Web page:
conferences · events · pedagogy · research

Conferences relating to computer science education in school

WIPSCE (Workshop in Primary and Secondary Computing Education) is a great conference for those interested in computer science education in school to attend as it combines a really friendly and welcoming international community of researchers with a desire to encourage rigorous theoretical and empirical research in computer science education.  The first international WIPSCE conference was held in Hamburg in 2012 and its origins lie in the German Informatics community, known as GI.  In 2015 WIPSCE was held at King’s College London meaning its profile was raised within the UK.

Next year’s WIPSCE will be in Radboud, Netherlands in early November

ISSEP (Informatics in School, Situation, Evolution and Perspectives) has been running since 2005. It is a forum for researchers and practitioners in the area of Informatics education, in both primary and secondary schools. Informatics is the term used in Europe for Computing education.

Next year’s ISSEP conference will be in Helsinksi, Finland from 13th to 15th November. The Call for papers can be found here.

Last year these two conferences were combined, which meant there was a really good sized community and a great atmosphere of sharing and learning from each other.

Below are some pictures from the WIPSCE and ISSEP conferences 2016.

There were many highlights: Raymond Lister talked about the work he has been doing for many years on tracing and the neo-piagetian stages of learning to program.   Marleen Villeroy won the best presentation award for her paper on CodeStitch, a collaborative learning to program environment based on reflecting on solutions using knitting as a domain. There were some great sessions on physical computing, both papers and workshop sessions in both ISSEP and WIPSCE Sessions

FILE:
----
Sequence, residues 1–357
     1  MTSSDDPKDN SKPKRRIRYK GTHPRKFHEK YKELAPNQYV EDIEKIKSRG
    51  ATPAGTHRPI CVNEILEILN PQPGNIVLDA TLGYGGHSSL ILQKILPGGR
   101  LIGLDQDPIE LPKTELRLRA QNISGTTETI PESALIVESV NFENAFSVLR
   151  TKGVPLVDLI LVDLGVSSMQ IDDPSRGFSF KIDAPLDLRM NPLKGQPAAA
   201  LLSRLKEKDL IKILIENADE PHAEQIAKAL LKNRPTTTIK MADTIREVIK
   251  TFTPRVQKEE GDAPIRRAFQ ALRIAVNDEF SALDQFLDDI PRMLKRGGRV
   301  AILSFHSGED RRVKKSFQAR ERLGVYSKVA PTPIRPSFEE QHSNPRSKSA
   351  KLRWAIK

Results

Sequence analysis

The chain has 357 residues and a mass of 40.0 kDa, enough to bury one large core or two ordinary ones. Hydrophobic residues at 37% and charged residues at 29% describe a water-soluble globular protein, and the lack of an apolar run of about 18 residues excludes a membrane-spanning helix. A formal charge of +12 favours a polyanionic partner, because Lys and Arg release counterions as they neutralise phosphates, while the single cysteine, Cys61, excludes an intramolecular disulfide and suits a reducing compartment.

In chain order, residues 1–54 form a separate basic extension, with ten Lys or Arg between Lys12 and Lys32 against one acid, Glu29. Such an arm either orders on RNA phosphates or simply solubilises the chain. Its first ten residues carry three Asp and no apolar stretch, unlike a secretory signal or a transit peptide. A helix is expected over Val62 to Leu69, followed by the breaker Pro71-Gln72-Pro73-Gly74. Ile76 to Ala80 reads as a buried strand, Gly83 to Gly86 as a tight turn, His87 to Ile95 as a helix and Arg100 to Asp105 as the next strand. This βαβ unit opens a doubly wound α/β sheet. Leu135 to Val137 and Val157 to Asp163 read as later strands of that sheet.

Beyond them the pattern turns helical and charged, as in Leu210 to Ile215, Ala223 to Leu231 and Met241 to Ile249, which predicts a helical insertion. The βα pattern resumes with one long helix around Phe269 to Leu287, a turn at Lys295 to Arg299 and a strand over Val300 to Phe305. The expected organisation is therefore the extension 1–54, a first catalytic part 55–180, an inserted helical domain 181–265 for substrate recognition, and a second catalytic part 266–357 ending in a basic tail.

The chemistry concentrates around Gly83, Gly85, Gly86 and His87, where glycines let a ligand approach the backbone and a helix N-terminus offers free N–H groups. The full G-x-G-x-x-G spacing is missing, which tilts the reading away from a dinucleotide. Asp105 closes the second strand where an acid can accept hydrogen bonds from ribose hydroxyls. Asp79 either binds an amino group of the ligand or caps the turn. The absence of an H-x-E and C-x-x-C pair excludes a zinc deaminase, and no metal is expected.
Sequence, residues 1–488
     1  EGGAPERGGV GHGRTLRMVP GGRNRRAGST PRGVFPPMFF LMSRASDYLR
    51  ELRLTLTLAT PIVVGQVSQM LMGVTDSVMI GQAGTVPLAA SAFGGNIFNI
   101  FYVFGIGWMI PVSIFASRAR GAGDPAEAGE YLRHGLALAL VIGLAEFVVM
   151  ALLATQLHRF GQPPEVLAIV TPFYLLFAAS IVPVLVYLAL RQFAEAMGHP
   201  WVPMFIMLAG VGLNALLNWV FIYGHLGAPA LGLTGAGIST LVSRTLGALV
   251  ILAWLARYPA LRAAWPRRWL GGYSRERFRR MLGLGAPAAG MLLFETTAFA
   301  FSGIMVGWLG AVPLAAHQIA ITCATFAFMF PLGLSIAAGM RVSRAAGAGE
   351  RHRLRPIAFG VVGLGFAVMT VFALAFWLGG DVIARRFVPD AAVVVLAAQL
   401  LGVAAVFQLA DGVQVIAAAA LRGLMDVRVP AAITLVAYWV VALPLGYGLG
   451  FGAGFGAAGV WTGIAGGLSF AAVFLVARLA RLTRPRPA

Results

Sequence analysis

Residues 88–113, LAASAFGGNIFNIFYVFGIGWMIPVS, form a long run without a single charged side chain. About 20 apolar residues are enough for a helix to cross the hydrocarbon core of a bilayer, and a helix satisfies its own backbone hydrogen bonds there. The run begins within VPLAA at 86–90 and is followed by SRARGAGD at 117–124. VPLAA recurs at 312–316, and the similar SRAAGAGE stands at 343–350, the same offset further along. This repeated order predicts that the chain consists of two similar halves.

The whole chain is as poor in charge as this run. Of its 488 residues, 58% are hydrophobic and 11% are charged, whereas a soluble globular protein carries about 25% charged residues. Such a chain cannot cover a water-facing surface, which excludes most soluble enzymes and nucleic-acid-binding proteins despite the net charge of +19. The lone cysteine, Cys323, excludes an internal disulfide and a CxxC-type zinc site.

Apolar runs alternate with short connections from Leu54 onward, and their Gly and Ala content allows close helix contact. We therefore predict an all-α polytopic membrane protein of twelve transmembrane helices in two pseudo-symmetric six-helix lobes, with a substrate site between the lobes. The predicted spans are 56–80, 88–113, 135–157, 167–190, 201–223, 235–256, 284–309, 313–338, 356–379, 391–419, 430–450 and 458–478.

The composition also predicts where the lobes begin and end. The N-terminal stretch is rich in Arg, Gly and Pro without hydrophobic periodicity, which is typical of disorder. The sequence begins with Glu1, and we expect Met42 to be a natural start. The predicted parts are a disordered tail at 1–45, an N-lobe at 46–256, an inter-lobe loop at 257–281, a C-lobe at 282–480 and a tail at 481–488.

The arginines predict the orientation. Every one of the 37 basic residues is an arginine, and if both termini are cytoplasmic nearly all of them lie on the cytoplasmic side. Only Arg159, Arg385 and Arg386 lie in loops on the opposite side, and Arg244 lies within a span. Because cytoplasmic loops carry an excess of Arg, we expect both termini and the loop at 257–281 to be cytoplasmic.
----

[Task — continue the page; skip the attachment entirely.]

Jane Waite had a poster on Abstraction and Common Classroom Activities




Bill Robinson gave a demo of his adaptation of Scratch, called Patch, which incorporates some additional pedagogical features. I’ve heard it called Scratch on steroids.


Sue delivered a paper on her work with Valentina Dagiene on Bebras (presentation here). In addition, Sue presented the Teacher Research Projects Poster relating to the combined work of Carl Simmons (Edge Hill), Andrew Csizmadia (Newman) and Jane Sinclair (Warwick) with the Teaching Inquiry in Computing Education project.

Munster was a great location for the conference and we are looking forward to November 2017 in Radboud, Netherlands.


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